YANKTON, S.D. — Judale Carr knows what it’s like to live without health insurance. From 2019 until he qualified for Medicaid through disability two months ago, Carr was paying out of pocket for a variety of health problems, largely stemming from chronic back issues and a neck injury sustained while working.
He says the fear of medical costs is a constant topic of conversation among residents of the affordable housing complex where he lives in Yankton.
“Several friends of mine don’t even go to the doctor because they just can’t afford it. I say I know you can’t afford it, but we’re getting older and you have to get your blood pressure checked and make sure everything is alright,” Carr told Forum News Service on Sept. 20. “But it’s like pulling teeth, because they don’t want to have those types of bills hanging over them.”
During those years, Carr relied on the Yankton Community Health Center, one of several community health centers owned by Horizon Healthcare.
These community health centers, which can offer a sliding scale of lower rates to uninsured and underinsured populations due to partial federal funding, are a key provider of basic medical and dental services to lower income patients in rural and urban areas across South Dakota.
This year, they also make up part of the coalition in favor of expanding Medicaid in the state.
“For us, there’s the piece of financial sustainability and the long-term viability of rural resources,” Shelly Ten Napel, the CEO of the Community Healthcare Association of the Dakotas, told Forum News Service. “But there’s also the fact that these are our patients, our friends or neighbors. Whatever the impact is on our bottom line, it’s hard to see people struggling every day with not being able to afford the healthcare that they need.”
Michelle Kral, a community health worker and patient support navigator at the health center in Yankton, says she’s seen the difficult realities of South Dakota being one of 13 states in the country not to expand Medicaid since coverage was first offered to people ages 19-64 who sat below 138% of the federal poverty line in 2014.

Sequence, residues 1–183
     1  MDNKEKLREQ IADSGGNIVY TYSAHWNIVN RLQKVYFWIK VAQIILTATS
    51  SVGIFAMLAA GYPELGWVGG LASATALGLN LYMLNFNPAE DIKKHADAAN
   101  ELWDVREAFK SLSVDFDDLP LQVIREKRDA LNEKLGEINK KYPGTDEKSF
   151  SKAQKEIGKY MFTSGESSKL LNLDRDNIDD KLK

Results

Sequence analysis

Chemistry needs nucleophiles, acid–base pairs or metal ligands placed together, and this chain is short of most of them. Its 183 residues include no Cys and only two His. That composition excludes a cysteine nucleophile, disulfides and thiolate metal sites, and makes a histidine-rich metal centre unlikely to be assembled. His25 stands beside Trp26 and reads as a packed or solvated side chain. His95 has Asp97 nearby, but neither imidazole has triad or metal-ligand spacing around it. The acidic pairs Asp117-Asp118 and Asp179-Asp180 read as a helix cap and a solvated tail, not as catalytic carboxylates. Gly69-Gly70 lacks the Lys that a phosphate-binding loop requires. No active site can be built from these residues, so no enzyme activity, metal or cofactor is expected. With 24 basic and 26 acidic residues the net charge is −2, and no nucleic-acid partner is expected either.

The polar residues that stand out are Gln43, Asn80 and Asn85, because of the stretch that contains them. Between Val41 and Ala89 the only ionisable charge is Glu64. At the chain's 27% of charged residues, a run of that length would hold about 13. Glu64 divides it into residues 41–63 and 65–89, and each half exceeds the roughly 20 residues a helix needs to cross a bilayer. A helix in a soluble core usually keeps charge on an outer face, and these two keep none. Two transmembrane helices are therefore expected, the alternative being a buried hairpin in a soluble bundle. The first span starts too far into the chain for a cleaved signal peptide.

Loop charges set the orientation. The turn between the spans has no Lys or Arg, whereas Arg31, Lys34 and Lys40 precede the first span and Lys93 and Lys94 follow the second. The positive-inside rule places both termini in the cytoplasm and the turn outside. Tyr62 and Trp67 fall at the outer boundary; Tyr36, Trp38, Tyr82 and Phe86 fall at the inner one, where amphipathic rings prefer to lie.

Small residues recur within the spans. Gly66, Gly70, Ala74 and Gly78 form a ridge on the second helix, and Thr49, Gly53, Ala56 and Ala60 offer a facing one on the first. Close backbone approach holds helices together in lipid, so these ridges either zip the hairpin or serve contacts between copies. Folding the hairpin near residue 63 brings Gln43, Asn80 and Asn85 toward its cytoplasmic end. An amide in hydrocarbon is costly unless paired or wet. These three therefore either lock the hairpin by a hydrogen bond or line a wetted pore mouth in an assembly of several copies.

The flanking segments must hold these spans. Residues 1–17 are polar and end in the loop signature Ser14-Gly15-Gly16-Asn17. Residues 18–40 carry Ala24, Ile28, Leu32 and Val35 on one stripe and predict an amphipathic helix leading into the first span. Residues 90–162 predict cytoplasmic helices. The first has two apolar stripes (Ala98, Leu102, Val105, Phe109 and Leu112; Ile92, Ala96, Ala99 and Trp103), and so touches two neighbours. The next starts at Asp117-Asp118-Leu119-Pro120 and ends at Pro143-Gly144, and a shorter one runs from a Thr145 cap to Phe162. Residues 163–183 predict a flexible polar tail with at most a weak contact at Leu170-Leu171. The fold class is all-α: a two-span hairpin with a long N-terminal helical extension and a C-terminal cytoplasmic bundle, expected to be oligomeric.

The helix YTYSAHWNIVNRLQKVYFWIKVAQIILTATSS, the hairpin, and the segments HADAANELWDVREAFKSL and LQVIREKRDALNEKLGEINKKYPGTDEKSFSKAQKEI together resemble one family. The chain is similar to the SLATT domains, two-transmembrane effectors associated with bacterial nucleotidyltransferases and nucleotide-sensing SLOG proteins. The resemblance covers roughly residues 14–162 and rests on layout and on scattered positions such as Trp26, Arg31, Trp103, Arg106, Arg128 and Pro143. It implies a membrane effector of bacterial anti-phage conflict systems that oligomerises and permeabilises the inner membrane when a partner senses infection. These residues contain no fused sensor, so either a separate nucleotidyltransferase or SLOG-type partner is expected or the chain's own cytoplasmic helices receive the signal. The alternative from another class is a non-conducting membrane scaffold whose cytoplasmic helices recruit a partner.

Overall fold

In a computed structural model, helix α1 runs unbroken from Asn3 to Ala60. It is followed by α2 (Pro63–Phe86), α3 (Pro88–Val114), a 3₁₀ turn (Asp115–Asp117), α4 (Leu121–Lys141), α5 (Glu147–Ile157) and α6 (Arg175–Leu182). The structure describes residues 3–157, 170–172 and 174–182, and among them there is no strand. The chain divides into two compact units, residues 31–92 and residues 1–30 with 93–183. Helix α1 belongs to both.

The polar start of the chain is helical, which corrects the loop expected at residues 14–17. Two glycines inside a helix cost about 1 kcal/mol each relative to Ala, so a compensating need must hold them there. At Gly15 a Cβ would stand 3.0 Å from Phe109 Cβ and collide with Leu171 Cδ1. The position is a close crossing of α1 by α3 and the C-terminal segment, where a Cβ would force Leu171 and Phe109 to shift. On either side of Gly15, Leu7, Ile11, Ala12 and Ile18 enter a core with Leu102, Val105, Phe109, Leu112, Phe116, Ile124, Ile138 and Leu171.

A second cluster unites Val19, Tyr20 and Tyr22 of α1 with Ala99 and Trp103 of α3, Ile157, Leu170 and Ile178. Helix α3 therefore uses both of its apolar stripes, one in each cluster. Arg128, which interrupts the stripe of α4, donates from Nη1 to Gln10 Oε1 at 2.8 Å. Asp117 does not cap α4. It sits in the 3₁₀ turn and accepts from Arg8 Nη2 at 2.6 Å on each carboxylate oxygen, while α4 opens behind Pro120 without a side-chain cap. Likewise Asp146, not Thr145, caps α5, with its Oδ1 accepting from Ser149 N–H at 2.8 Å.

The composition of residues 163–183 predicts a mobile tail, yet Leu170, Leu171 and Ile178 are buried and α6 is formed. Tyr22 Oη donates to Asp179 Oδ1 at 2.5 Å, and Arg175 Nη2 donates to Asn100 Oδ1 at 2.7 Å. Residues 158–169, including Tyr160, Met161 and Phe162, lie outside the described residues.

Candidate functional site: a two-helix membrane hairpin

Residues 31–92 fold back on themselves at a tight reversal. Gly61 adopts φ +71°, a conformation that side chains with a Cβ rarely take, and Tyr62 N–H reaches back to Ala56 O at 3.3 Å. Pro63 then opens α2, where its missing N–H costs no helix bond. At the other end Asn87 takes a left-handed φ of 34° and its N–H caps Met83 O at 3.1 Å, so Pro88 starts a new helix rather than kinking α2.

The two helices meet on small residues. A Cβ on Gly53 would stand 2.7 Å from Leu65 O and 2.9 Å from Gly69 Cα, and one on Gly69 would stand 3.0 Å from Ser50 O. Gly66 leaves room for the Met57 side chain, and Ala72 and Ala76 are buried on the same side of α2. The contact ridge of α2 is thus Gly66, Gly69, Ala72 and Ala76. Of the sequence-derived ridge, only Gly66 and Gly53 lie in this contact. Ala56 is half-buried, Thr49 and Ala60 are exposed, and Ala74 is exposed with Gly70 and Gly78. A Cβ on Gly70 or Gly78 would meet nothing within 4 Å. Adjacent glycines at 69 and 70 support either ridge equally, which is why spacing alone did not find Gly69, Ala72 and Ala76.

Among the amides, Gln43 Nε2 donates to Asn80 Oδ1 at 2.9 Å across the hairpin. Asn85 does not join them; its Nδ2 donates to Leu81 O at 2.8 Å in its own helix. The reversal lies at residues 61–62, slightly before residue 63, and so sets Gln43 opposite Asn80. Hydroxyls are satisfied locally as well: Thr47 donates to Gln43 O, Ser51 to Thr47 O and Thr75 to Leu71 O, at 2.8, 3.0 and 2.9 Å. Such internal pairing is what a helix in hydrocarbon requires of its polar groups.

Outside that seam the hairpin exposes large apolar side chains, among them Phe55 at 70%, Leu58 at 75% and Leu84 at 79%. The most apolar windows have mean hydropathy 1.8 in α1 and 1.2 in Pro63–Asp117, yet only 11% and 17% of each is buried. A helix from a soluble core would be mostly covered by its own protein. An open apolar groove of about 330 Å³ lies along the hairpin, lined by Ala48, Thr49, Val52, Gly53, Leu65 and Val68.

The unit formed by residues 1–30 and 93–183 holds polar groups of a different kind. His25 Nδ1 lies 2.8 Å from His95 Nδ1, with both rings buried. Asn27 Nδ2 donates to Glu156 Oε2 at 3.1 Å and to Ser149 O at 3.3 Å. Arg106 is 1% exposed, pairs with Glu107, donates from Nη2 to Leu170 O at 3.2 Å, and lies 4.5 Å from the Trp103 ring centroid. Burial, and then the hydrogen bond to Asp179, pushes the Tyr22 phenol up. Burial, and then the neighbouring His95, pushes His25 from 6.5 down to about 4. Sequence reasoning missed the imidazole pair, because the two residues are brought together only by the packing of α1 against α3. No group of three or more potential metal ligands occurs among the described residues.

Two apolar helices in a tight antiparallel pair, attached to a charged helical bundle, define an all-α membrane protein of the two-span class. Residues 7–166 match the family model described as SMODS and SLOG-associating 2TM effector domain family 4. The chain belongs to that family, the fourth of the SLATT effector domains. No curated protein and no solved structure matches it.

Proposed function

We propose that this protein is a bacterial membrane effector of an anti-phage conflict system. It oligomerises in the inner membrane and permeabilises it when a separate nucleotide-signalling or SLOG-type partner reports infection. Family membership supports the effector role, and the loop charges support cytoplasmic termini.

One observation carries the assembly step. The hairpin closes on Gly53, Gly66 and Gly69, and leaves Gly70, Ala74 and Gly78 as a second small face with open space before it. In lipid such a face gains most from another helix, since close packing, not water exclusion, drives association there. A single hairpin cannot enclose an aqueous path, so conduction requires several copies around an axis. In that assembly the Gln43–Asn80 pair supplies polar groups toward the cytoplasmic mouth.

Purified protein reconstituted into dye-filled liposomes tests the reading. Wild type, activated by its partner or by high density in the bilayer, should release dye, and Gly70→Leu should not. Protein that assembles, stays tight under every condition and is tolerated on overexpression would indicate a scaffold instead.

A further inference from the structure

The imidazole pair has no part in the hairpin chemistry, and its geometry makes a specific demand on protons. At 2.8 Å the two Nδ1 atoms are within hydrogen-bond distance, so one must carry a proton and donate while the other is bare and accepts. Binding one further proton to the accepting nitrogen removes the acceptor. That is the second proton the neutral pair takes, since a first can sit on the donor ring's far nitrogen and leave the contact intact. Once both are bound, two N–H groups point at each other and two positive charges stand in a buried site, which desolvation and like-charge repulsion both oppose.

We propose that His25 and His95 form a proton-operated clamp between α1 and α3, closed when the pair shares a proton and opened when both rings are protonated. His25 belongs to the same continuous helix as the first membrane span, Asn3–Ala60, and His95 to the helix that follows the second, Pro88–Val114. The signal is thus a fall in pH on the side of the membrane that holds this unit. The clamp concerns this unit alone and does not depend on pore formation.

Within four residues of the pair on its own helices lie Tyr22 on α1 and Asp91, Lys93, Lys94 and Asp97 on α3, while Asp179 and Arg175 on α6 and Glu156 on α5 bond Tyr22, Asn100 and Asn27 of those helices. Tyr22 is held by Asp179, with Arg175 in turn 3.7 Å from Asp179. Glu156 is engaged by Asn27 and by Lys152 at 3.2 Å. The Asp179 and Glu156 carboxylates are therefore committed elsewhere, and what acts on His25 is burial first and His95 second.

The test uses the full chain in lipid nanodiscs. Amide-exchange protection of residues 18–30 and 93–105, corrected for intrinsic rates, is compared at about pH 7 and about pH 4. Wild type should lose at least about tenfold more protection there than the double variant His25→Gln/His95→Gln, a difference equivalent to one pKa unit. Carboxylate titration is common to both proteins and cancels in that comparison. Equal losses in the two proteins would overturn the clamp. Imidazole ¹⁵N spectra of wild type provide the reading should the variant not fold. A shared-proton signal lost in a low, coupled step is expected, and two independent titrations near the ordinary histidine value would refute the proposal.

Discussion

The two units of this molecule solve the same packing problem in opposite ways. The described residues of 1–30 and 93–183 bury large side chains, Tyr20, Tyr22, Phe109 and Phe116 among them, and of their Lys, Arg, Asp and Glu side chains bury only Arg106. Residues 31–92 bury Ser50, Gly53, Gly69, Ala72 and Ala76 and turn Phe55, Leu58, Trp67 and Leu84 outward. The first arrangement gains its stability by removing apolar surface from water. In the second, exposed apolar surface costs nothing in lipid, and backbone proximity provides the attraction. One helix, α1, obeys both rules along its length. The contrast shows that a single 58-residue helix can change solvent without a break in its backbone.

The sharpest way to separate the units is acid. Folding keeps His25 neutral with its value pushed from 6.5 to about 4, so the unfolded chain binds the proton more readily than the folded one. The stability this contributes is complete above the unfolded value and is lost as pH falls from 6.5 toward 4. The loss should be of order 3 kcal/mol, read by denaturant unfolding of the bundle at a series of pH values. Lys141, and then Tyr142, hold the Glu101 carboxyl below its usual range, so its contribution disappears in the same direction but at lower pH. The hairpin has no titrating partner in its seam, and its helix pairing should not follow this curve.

She recounted a story of grandparents who had adopted their four grandchildren out of foster care. Although the children had qualified for Medicaid while living in Nebraska, that eligibility lapsed for three of the four children when they moved to South Dakota.
“They were just above qualifying for Medicaid. And they can’t get affordable coverage on the marketplace because both of the grandparents have Medicare, so the kids don’t qualify for tax credits,” Kral said.
Outside of the certainty expanding Medicaid could provide for families in similar situations, Horizon Healthcare CEO Wade Erickson says another part of his reasoning for supporting expansion is the economic effects of lower out-of-pocket costs for thousands of patients.
Of the estimated 42,500 people who fall in the Medicaid “coverage gap” — meaning they would become eligible for Medicaid if Amendment D passes — Erickson says some 7,000 reside within the Horizon system of health centers. He added that moving these patients from the current out-of-pocket sliding scale to Medicaid would lower uncompensated costs for Horizon and other community health centers in the state.
“Having Medicaid expansion would reduce the uninsured bad debt, which then those people would be able to use that money in the community,” Erickson said. “They would have coverage that would allow them to spend that money locally, and really stimulate that local economy.”